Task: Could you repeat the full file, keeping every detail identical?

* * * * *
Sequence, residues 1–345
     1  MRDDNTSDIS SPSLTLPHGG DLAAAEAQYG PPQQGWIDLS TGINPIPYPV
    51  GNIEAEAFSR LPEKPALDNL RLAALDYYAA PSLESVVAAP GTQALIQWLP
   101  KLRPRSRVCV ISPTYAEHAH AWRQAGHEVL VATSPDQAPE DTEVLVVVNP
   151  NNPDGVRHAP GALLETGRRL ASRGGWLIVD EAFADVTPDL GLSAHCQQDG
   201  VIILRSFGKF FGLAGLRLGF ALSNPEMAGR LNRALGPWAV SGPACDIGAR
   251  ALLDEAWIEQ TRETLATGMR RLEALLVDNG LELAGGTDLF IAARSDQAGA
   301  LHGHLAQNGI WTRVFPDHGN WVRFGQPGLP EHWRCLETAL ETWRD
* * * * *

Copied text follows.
Sequence, residues 1–345
     1  MRDDNTSDIS SPSLTLPHGG DLAAAEAQYG PPQQGWIDLS TGINPIPYPV
    51  GNIEAEAFSR LPEKPALDNL RLAALDYYAA PSLESVVAAP GTQALIQWLP
   101  KLRPRSRVCV ISPTYAEHAH AWRQAGHEVL VATSPDQAPE DTEVLVVVNP
   151  NNPDGVRHAP GALLETGRRL ASRGGWLIVD EAFADVTPDL GLSAHCQQDG
   201  VIILRSFGKF FGLAGLRLGF ALSNPEMAGR LNRALGPWAV SGPACDIGAR
   251  ALLDEAWIEQ TRETLATGMR RLEALLVDNG LELAGGTDLF IAARSDQAGA
   301  LHGHLAQNGI WTRVFPDHGN WVRFGQPGLP EHWRCLETAL ETWRD